Senator Obama Holds News Conference Call for Jewish Media Reporters
Given the predominant loyalty of Jewish Americans to the Democratic Party (which, to my regret, remains overwhelmingly the case), as the campaign of Senator Barack Obama for the Democratic Presidential nomination grows stronger, American Jews are increasingly interested in his views on issues of concern to them. Today Senator Obama held a conference call today for reporters from Jewish newspapers and media, the reporters were eager to hear his views. Senator Obama was just as eager to put to bed false rumors that have been circulating that he is secretly a Muslim and took his Senatorial oath on a Koran. You can listen to the entire conference call at the JTA website. A JTA news brief on the conference call appears here.
The more substantive and difficult questions for Senator Obama concerned his actual Christian affiliation, not the false Moslem one. Richard Cohen, a liberal columnist for the Washington Post, recently had this to say about Senator Obama's true religious affiliation:
Barack Obama is a member of Chicago's Trinity United Church of Christ. Its minister, and Obama's spiritual adviser, is the Rev. Jeremiah A. Wright Jr. In 1982, the church launched Trumpet Newsmagazine; Wright's daughters serve as publisher and executive editor. Every year, the magazine makes awards in various categories. Last year, it gave the Dr. Jeremiah A. Wright Jr. Trumpeter Award to a man it said "truly epitomized greatness." That man is Louis Farrahkan.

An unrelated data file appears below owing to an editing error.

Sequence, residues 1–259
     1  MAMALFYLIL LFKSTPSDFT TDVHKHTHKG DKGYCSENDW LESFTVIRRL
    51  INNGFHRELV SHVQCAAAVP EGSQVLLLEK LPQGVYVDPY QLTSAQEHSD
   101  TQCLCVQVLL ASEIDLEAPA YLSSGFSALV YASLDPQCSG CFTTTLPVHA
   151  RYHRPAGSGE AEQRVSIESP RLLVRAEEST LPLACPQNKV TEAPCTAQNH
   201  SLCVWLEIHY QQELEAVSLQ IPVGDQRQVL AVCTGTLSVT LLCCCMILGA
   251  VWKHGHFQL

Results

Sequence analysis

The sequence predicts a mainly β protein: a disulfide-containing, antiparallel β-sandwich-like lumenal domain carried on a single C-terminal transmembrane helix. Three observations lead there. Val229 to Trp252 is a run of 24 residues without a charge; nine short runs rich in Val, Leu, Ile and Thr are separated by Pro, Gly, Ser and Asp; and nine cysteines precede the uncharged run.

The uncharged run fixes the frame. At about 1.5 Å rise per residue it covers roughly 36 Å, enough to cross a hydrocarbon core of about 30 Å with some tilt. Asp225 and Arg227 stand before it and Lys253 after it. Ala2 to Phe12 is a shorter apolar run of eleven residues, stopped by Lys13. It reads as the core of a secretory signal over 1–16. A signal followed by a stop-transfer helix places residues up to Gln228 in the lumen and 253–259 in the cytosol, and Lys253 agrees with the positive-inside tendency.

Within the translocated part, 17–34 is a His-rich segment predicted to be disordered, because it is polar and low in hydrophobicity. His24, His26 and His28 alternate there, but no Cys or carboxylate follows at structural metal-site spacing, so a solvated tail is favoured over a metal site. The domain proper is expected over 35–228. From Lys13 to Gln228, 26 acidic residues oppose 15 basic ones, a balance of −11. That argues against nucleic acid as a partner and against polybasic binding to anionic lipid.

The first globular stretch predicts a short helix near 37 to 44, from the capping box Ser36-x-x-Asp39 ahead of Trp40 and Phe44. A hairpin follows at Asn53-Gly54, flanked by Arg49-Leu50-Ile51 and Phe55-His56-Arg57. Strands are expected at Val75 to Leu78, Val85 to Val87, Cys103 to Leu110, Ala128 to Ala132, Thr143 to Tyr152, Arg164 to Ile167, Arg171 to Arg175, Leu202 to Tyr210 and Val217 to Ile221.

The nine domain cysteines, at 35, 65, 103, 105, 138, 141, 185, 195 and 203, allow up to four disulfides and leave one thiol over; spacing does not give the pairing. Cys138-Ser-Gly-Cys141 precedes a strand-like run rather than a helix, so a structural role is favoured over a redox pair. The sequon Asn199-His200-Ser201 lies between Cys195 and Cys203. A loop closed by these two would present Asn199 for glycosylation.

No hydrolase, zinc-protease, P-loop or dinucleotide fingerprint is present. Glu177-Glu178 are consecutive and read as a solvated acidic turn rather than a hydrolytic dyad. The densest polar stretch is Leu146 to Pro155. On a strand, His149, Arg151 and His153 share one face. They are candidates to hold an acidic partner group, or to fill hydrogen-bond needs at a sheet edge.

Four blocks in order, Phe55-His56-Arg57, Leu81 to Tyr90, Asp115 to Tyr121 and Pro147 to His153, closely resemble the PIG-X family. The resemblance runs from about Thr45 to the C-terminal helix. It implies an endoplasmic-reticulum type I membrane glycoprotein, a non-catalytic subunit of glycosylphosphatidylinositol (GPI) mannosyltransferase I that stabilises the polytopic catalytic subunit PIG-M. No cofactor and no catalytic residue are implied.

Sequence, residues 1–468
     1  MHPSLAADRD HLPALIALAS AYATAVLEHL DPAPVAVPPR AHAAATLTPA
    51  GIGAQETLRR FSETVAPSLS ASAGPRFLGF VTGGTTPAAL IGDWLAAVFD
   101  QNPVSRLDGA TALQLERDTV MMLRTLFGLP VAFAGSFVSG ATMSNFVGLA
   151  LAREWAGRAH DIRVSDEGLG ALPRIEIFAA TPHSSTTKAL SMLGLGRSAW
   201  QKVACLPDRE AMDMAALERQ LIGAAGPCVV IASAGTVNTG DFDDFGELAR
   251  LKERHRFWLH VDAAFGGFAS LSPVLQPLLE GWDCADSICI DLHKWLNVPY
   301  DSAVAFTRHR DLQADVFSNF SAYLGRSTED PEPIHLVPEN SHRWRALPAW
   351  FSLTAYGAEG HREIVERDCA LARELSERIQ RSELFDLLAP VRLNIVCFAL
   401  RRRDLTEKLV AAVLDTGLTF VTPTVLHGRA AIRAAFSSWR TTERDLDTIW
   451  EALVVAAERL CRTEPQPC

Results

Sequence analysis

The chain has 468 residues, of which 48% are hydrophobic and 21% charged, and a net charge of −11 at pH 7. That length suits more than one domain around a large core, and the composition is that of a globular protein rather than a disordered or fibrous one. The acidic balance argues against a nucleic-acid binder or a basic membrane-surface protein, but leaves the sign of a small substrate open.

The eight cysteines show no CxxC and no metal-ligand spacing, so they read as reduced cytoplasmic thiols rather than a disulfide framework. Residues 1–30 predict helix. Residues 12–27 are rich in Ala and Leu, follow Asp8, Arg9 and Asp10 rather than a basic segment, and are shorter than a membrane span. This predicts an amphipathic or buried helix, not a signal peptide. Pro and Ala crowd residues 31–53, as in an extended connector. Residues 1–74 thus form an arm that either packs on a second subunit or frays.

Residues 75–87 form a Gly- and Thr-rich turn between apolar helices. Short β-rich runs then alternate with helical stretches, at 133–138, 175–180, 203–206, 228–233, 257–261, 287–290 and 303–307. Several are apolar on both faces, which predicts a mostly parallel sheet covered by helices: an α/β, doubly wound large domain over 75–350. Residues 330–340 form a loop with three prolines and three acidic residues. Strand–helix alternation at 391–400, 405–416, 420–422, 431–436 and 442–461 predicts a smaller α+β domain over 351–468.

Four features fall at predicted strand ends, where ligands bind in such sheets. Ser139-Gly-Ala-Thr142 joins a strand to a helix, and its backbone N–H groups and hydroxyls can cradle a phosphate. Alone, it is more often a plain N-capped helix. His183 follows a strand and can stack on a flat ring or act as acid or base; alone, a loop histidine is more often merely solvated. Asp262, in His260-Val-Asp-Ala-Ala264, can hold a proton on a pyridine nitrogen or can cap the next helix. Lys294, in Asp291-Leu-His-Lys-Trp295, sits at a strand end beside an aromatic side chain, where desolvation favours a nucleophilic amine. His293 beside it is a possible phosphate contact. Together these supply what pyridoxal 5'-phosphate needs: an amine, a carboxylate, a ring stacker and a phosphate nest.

Maybe for Wright and some others, Farrakhan "epitomized greatness." For most Americans, though, Farrakhan epitomizes racism, particularly in the form of anti-Semitism. Over the years, he has compiled an awesome record of offensive statements, even denigrating the Holocaust by falsely attributing it to Jewish cooperation with Hitler -- "They helped him get the Third Reich on the road." His history is a rancid stew of lies.
It's important to state right off that nothing in Obama's record suggests he harbors anti-Semitic views or agrees with Wright when it comes to Farrakhan. Instead, as Obama's top campaign aide, David Axelrod, points out, Obama often has said that he and his minister sometimes disagree. Farrakhan, Axelrod told me, is one of those instances.
Fine. But where I differ with Axelrod and, I assume, Obama is that praise for an anti-Semitic demagogue is not a minor difference or an intrachurch issue. The Obama camp takes the view that its candidate, now that he has been told about the award, is under no obligation to speak out on the Farrakhan matter. It was not Obama's church that made the award but a magazine. This is a distinction without much of a difference. And given who the parishioner is, the obligation to speak out is all the greater. He could be the next American president. Where is his sense of outrage?
At the press conference today, when asked why it was sufficient for him to denounce his church’s recent praise for Nation of Islam leader Louis Farrakhan but not resign from the church itself, Obama repeated his condemnation of Farrakhan’s “reprehensible” anti-Semitic views. Then he added, "My church has never issued anti-Semitic statements, nor have I heard my pastor utter anything anti-Semitic. If I have, I would have left the church.”
Obama also took questions on the peace process, the situation in Gaza, and how he would deal with Iranian nukes.